Imaging for Retinal Diseases

You know how people say, “You had to be there?” That is the case with The Eye & Ear Foundation’s November 19 webinar, “Imaging for Retinal Diseases.” It is one thing to describe the different imaging modalities. It is far more effective, however, to do this by showing what each detects.

The good news is if you missed this presentation the first time around, the webinar has been uploaded to our site. In the meantime, here is a summary.

Imaging Modalities and Techniques

After an introduction by the Department of Ophthalmology Chair Dr. José-Alain Sahel, Kunal Dansingani, MBBS, MA, Associate Professor in the Retina and Vitreous Service in the UPMC Eye Center/Department of Ophthalmology, talked about the motivation behind imaging technology. The tissue scale necessitates the development of microscopes, he said, and the most useful ones reveal relationships between anatomy (structure), physiology (function), and pathology (aberrant function).

In a never-ending circle, imaging provides biomarkers for understanding the effects of treatment, which leads to treatment advances that occur in parallel with imaging advances.

The focus of today’s presentation was on the retina, or more specifically, the posterior pole and a small part called the fovea, which is 1.5 mm in diameter. This area has a profound effect on vision.

To view this part of the eye, color photographs are extremely useful. Other modalities involve various wavelengths of light like a 3D modality called optical coherence tomography. This provides a cross section of the fovea that’s become the gold standard. It is used daily on almost every patient in the retina clinic.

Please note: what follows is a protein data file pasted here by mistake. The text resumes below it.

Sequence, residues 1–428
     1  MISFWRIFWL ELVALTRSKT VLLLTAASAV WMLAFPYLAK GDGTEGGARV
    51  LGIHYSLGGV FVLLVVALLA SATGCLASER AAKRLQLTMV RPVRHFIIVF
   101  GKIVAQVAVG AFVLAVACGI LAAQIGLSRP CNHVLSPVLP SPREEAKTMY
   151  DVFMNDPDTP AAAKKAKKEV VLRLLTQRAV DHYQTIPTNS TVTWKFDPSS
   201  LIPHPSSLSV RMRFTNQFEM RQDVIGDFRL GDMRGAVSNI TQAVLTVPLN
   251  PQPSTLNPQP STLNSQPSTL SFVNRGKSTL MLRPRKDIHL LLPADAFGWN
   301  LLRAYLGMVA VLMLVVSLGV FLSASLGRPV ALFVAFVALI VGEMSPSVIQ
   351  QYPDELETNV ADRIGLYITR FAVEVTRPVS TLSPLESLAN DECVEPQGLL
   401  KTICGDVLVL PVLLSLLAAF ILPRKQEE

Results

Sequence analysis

Light-based imaging modalities include reflectance, fluorescence, and 3D technology. Key words to look for with each include:

Light-based imaging modalities: Fluorescence, 3D, technology

Reflectance: Color, red-free, blue, near-infrared

Fluorescence: Autofluorescence, dye angiography

Dr. Dansingani showed the differences in each modality and how something may not be visible on one but evident on another.

Age-Related Macular Degeneration

Jay Chhablani, MD, Associate Professor of Ophthalmology at the University of Pittsburgh School of Medicine and a vitreo-retina specialist at the University of Pittsburgh Eye Center, discussed age-related macular degeneration (AMD). There are imaging modalities that can be used directly on the tissues. Autofluorescence imaging and multimodal imaging show the progression of AMD.

Optical coherence tomography (OCT) angiography shows neovascular membrane progression, which helps physicians decide whether to continue or switch treatment. These modalities are used to quantify changes and as a biomarker.

Dr. Chhablani also talked about artificial intelligence (AI) in retinal imaging. He showed an example of a patient with wet AMD. The 3D technology segments out lesions, quantify them, and then generates a disease profile. The hope is that bringing this information to clinics will allow physicians to follow up on patients more accurately.

Advanced Imaging

Ethan Rossi, PhD, Assistant Professor of Ophthalmology at the University of Pittsburgh, Assistant Professor of Bioengineering in the Swanson School of Engineering, and Director of the Advanced Ophthalmic Imaging Laboratory, talked about novel techniques being utilized in the advanced retinal imaging lab. He demonstrated the spatial level of detail the imaging can zoom in on (10 times more, and then 10 times more again) to see individual cells of the eye.